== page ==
BoJo can’t contain his MoJo

Boris Johnson has once again aggravated Downing Street after undermining the Prime Minister’s Florence speech by calling for a shorter Brexit transition period. Speaking at the launch of the Institute for Free Trade, Johnson said “you can imagine what our brilliant companies are able to do… when they are finally – and let’s hope the date is soon upon us without too long a transition period – finally unbound, unshackled”. The Foreign Secretary’s remarks have been seen as a direct challenge to the Brexit strategy announced by the Prime Minister on Friday, under which the UK has called for a two-year transition period to prevent a shock for businesses. In a show of force, Liam Fox, Priti Patel and Michael Gove were also present at the launch – showing their support for a liberal post-Brexit trade policy.

Johnson’s speech is the second time this week he has appeared to contradict the Prime Minister, after he announced on Tuesday that he does not expect the UK to be subject to EU laws after the UK official leaves the bloc in March 2019. Speaking in the Czech Republic Johnson said “the relevant date for cutting the current model of free movement of persons and EU immigration into Britain is still 2019. We must be clear about this”. Though the Prime Minister’s speech was vague on exactly which EU rules the UK would still be subject to during a transition period, she implied that the UK would stick to the current arrangement as closely as possible.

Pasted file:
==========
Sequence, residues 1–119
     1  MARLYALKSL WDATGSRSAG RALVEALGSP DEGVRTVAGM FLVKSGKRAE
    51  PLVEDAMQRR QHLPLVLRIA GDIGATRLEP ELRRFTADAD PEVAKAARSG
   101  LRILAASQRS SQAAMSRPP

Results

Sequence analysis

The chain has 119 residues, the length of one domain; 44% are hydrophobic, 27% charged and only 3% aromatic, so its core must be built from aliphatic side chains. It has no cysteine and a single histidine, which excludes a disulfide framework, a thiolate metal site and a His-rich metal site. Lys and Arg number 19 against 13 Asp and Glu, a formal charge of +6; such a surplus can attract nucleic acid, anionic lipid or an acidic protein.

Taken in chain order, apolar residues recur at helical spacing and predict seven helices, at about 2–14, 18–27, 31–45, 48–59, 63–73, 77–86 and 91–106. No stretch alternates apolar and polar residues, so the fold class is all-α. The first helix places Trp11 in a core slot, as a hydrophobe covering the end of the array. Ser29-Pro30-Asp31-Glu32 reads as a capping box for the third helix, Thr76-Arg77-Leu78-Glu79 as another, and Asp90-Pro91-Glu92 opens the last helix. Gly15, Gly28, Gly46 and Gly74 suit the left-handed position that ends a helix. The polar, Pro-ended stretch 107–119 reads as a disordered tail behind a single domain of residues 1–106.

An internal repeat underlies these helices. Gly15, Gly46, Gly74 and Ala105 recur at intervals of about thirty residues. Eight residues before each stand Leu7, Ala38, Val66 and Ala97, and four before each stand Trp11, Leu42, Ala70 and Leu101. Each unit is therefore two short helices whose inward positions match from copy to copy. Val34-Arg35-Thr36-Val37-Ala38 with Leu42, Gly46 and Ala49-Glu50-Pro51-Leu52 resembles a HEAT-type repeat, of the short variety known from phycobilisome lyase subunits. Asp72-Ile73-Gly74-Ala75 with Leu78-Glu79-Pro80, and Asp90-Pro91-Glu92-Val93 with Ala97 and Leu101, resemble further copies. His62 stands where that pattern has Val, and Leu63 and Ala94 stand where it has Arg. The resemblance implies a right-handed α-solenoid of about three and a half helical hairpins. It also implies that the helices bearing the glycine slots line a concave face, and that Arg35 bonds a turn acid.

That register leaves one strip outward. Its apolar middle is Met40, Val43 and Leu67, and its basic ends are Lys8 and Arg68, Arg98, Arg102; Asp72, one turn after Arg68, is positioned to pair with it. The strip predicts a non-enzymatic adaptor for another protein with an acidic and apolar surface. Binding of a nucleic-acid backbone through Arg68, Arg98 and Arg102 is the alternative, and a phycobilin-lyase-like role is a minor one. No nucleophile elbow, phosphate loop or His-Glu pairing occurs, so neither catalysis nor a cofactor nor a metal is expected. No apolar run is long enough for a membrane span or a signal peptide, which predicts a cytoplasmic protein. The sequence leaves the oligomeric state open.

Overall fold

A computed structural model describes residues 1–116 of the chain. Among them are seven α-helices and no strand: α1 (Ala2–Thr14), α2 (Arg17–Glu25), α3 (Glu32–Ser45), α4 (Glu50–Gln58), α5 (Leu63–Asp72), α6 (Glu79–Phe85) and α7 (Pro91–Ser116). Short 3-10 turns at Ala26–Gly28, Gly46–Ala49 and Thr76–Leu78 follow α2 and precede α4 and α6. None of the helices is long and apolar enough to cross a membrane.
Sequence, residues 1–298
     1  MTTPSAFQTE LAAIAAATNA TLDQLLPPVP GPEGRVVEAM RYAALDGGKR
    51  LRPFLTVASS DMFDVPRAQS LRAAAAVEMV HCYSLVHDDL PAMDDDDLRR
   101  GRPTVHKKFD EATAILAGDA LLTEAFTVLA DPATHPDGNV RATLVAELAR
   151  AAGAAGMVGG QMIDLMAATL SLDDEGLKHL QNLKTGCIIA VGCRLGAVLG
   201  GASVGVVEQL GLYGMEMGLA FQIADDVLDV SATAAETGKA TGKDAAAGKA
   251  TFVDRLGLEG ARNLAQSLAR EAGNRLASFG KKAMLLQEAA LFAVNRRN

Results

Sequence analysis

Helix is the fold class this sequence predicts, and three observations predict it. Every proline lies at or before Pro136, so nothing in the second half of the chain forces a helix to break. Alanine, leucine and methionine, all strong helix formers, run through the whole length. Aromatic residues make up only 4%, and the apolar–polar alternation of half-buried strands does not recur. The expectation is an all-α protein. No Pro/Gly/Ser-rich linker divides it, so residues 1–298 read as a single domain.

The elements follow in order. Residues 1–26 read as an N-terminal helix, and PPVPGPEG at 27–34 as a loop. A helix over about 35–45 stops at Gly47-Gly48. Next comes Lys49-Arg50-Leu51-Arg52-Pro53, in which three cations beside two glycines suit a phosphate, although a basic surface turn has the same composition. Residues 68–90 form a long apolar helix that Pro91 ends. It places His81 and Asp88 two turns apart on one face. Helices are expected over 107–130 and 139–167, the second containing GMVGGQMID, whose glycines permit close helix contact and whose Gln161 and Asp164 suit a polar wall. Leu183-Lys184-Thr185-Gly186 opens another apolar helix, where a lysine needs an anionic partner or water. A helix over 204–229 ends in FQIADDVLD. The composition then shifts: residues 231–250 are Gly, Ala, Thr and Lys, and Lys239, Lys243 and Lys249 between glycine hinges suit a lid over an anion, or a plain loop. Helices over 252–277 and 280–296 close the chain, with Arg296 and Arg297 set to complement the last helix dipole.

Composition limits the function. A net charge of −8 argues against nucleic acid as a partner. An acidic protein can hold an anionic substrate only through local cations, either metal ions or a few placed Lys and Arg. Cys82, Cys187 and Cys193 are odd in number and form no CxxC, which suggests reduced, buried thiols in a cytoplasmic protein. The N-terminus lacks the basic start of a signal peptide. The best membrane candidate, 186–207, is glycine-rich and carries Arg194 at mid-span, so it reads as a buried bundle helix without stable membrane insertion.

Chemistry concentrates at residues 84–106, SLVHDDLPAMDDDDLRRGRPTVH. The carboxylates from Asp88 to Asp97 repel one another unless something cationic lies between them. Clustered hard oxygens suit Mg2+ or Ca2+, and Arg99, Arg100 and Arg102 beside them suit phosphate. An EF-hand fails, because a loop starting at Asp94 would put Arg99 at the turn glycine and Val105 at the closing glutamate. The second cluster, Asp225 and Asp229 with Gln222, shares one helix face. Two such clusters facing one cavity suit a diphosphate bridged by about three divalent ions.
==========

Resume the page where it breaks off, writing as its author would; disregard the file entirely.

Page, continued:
“Deal or no Deal, that is the question”

The House of Lords EU Select Committee has launched a new inquiry into the implications of a ‘no deal’ scenario post-Brexit. The committee will also examine the legal basis of a transition period. The inquiry’s launch comes in the wake of the Prime Minister’s Florence speech, in which she conceded that “neither the UK, nor the EU will be in a position to implement” a post-Brexit UK-EU deal before the March 2019 deadline. A core focus of the committee will be on whether May’s speech is a good foundation on which to base future negotiations.

May’s civil servant Brexodus

DExEU has confirmed that top civil servants are to be transferred to the Cabinet Office, following last week’s announcement that Oliver Robbins (previously the top official at DExEU) would be moving, as May attempts to tighten her grip on the Brexit negotiation process. The department has not yet confirmed which specific civil servants will be moving, but it could be as many as twenty (including four senior civil servants). The move is indicative of the competing power hierarchies in Whitehall, and could be seen to undermine Brexit Secretary David Davis’ role.

Businesses call on May for clarity